When enacted on December 13, Law No 21 of 2015, the new law that will govern the entry, exit, and residency of expats will guarantee the freedom of movement for over 2.1mn salaried workforce in Qatar, an official statement yesterday said.
The new law abolishes the existing Kafala system, replacing it with a modernised, contract-based system.
Under the new law, foreign workers have the right to leave the country after notifying the employer.
They have the right to permanently leave the country before or after completing the duration of their contract, after notifying the employer according to the terms of the contract.
If the employer rejects a leave request, the migrant worker can appeal to the Exit Permit Grievances Committee, which has to respond to all requests within three days.
The applicant will be able to get an Exit Permit unless he is wanted in connection with any active criminal proceedings, or has defaulted on any debt in Qatar that remains unsettled.
For exit permits, migrant workers have to first submit their application in writing to their employer, as per the terms of their contract.
The ministry hopes in the overwhelming majority of cases, exit permit requests will be approved and processed by employers immediately.
If the employer rejects this request, expats will be able to apply directly to the Exit Permit Grievances Committee, either through an e-government services programme, or in-person at government service complexes and police stations throughout the country.
Once submitted, all Exit Permit requests received will be decided upon within 72 hours.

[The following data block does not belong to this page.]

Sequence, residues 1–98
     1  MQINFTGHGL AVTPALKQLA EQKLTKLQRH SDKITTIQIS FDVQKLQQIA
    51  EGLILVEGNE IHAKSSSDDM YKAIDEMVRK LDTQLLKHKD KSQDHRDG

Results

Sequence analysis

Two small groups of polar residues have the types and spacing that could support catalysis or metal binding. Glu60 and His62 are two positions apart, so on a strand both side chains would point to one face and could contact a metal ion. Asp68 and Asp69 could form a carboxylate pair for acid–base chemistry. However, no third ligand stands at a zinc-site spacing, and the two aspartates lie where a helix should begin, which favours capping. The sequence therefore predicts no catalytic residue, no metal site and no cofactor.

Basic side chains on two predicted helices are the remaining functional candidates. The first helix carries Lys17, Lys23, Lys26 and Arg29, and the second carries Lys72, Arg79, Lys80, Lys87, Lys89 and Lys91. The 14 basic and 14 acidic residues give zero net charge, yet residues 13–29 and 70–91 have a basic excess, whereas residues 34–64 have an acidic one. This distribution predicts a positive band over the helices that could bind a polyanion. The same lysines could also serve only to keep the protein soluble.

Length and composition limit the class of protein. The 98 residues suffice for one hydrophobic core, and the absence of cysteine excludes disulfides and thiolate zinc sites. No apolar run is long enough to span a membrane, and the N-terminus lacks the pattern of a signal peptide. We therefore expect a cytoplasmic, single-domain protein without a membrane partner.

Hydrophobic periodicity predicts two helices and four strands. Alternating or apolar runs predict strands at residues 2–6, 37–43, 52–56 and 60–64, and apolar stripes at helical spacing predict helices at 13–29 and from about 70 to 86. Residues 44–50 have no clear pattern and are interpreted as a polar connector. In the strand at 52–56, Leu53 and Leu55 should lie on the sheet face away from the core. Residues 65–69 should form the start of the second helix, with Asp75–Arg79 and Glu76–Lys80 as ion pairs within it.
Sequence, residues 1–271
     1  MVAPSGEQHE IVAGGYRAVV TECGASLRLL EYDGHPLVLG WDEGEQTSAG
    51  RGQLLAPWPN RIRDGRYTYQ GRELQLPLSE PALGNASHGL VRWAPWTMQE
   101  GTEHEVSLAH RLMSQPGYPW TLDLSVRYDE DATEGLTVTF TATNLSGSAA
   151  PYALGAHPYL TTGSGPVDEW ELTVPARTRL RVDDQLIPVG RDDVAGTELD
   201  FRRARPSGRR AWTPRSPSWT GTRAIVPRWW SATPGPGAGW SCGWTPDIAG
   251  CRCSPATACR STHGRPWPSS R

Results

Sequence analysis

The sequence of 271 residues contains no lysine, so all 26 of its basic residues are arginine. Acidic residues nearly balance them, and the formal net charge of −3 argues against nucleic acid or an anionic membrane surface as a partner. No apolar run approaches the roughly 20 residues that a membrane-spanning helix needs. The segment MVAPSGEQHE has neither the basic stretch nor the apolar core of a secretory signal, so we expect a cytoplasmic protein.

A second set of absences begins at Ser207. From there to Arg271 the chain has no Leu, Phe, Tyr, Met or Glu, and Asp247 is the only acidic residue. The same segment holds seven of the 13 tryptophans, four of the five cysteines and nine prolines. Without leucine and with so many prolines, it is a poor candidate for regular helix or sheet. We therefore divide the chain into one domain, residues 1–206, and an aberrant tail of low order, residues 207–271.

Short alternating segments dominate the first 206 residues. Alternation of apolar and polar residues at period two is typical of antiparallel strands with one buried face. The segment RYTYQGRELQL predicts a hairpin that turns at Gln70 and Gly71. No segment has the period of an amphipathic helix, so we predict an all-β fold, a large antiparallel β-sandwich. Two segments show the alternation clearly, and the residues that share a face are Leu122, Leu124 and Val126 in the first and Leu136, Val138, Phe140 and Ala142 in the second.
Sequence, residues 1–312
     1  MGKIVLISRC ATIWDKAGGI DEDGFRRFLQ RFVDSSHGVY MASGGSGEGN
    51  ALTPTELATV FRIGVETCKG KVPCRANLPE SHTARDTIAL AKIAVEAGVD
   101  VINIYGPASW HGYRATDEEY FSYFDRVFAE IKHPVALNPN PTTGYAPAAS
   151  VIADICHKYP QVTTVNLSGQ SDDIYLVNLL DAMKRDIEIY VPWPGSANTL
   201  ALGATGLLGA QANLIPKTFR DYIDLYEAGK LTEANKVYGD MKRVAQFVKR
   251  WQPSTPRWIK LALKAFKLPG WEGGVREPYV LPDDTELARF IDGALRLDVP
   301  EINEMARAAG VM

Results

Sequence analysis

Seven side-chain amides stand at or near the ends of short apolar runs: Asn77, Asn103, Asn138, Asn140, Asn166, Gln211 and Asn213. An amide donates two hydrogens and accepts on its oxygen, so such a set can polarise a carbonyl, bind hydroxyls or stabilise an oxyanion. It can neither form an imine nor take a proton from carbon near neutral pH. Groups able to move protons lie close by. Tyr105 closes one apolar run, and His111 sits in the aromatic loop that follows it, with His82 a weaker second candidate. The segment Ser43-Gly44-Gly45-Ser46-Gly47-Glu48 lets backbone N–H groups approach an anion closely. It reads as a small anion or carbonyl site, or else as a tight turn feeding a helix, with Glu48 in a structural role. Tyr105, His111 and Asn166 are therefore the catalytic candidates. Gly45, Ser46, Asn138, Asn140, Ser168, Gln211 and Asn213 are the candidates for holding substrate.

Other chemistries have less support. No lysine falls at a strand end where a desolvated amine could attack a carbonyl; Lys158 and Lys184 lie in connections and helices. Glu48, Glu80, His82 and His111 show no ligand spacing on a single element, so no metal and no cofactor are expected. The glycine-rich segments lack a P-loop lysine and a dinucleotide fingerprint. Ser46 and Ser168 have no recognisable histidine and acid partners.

Upon receipt, the Exit Permit Grievances Committee will conduct an immediate background check of the applicant to ensure that no active or pending criminal proceedings, or financial claims, are currently against them.
During the 72-hour window for deciding upon the request, the committee will look to contact the applicant’s employer.
The employer will be asked if they have any objection to the request.
Valid objections may include: a) reason to believe that the employee has committed fraud b) reason to believe that the worker is attempting to evade prosecution for a crime.
If any of these objections are raised by the employer, the onus will be on the employer to convince the authorities before the 72-hour period closes that a criminal case should be opened up against the worker.
If they cannot succeed in persuading the relevant authorities, the worker will be automatically granted an exit permit.
If the committee cannot contact an expatriate’s employer within the 72 hours, it will approve the request – provided that the worker passes all relevant background checks.
In the event of an emergency, the committee can expedite this timing.
The Exit Permit Grievances Committee will consist of officials from the Ministry of Interior, the Ministry of Administrative Development, Labour & Social Affairs, and representatives of the National Human Rights Committee.
In their hearings, the worker will have the opportunity to contest any evidence that may have been used against them.
Further, the worker will also have the opportunity to appeal for clemency, in cases where they owe debt but need to return home for a medical or family emergency.